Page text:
|Range of the three extant species|
Faunus Oken, 1816
Orangutans (Pongo) are great apes belonging to the rainforests of Indonesia and Malaysia. There are two species of orangutan. They are from Southeast Asia. There are very few of them left, because loss of the jungle has reduced their habitat. There are orangutans on view at the Singapore zoo.
The name orangutan comes from two Malay words, orang which means person, and hutan which means forest; so orangutan means person of the forest.
Taxonomy[change | change source]
- Genus Pongo
- Bornean orangutan, Pongo pygmaeus
- Sumatran orangutan, Pongo abelii
- Tapanuli orangutan, Pongo tapanuliensis 
Appearance[change | change source]
Orangutans have red-brown hair. They have long arms. They can be strong like chimpanzees, gorillas and humans. They also have hands that are good for climbing. The Sumatran Orangutan is smaller and has longer hair than the Bornean orangutan. Orangutans have suffered from forest loss and are on the very edge of extinction.
Life[change | change source]
Orangutans are from the rainforests on the islands Borneo and Sumatra in Southeast Asia. They mostly live up in the trees. They eat fruit, leaves and bark and also insects and bird eggs. They drink water from rain that has been collected in leaves. Orangutans are not comfortable on the ground since they have to push themselves along with fists. Heavy adults move carefully through the trees, using their flexible feet to grasp the tree branches. Smaller orangutans swing with more ease.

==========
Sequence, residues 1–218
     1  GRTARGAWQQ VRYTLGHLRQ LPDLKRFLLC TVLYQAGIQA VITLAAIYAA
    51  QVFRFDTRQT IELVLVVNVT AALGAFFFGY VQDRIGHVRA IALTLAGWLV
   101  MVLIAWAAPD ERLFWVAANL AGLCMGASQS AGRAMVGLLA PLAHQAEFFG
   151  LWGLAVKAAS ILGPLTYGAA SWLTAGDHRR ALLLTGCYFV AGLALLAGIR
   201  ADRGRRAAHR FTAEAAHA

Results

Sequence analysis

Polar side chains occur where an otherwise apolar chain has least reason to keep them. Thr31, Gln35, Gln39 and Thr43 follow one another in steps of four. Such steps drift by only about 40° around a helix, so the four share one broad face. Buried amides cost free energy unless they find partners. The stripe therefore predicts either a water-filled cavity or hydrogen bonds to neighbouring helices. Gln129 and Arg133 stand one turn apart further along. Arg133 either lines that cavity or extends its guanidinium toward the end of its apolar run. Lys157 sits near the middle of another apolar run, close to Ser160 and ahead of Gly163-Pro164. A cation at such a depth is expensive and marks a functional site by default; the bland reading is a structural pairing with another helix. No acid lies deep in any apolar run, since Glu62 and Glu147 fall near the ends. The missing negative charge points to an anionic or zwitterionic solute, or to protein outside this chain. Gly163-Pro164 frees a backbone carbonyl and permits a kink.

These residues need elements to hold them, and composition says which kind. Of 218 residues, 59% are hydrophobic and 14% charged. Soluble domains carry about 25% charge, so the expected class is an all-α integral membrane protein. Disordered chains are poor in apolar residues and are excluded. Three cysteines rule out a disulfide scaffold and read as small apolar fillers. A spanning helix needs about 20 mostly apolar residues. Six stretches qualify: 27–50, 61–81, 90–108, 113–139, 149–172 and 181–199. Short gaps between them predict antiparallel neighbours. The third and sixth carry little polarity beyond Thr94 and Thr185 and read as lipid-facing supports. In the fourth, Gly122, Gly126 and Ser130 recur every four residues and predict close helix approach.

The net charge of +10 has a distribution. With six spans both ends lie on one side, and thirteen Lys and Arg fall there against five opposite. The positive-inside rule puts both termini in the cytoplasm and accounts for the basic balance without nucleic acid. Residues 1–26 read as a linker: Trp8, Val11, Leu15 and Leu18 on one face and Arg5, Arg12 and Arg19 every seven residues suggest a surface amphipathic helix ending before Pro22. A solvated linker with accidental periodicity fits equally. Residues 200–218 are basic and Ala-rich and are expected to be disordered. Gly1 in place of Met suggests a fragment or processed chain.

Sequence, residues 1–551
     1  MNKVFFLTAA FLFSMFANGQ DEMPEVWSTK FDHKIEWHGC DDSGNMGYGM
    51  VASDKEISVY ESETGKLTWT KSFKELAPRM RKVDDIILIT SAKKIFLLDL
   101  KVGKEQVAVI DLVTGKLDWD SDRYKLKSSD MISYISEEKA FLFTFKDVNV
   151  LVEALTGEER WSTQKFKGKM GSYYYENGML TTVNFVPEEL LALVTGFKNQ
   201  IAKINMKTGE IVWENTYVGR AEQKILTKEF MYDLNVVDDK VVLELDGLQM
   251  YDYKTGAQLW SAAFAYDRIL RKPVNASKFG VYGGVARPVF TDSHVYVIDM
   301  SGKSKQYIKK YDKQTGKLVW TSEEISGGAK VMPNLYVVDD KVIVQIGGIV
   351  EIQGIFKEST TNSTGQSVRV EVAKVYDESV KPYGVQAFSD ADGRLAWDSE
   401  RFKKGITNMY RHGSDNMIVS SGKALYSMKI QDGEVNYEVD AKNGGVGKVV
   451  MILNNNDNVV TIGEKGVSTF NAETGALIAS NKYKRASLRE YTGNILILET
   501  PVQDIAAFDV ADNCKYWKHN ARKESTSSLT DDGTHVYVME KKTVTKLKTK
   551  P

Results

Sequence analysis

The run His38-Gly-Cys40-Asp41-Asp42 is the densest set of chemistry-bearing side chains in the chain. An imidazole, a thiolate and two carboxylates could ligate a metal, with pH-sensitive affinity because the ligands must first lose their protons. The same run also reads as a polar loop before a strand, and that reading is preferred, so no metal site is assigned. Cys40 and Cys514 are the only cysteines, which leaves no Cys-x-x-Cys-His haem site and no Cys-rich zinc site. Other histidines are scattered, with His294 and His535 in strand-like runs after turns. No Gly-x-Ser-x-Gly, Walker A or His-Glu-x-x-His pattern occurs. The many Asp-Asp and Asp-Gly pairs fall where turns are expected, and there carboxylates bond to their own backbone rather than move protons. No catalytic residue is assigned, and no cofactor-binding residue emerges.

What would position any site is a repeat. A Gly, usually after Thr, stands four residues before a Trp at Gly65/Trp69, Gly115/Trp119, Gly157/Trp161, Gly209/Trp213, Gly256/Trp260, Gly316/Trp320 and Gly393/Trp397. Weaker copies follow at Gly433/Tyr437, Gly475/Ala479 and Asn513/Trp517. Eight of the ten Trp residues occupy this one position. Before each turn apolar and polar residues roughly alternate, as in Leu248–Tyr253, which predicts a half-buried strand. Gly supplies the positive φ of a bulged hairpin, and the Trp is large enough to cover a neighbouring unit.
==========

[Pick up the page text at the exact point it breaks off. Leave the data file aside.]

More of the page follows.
Diet[change | change source]
An orangutan's diet consists mainly of fruit, they like ripe fruit. If they cannot find fruit they will eat bark, leaves and termites, rather than move to somewhere else to get food. About 60% of an orangutan's diet is fruit, 25% is leaves, 10% is bark and flowers, and 5% is termites and other insects.
Pregnancy[change | change source]
After a pregnancy of 230–260 days the female gives birth to usually one baby, but sometimes two, every eight to nine years. The little ones stay with their mother for years, riding on their mother's back and learning to move through the forest. The young orangutans are playful and affectionate. When they are five or six years old, they become more independent and eventually go off on their own.
Related pages[change | change source]
References[change | change source]
- ↑ "Orangutan Facts –". orangutans-sos.org. Sumatran Orangutan Society. 2011. Archived from the original on 23 August 2011. Retrieved 15 July 2011.
- ↑ The Tapanuli Orangutan was discovered in Sumatra in 2017.
- ↑ "What do Wild Orangutans Eat?". Archived from the original on 2015-11-07. Retrieved 2015-11-26.
- ↑ Blue Planet Level 5, written by Dinorah Pous p.70
Other websites[change | change source]
- Primate Info Net Pongo Factsheet
- Information from Grungy Ape on the difference between the two Orang-utan species Archived 2010-01-05 at the Wayback Machine
- OrionSociety.org Archived 2007-02-08 at the Wayback Machine - 'Does an orangutan find Freedom in the Gift of Words? Do We?'
- Orang utan language project Archived 2009-03-18 at the Wayback Machine
- Facial Expression & Vocalizations
- Orangutan Foundation International non-profit organization dedicated to "support the conservation and understanding of the orangutan and its rain forest habitat while caring for ex-captive individuals as they make their way back to the forest."
- Orang Utan Republik Education Initiative non-profit organization whose mission is to secure the future of the orangutan through programs of education and outreach in Indonesia.
- The Borneo Orangutan Survival Foundation
- Sumatran Orangutan Society International non-profit organization dedicated to the protection of Sumatran orangutans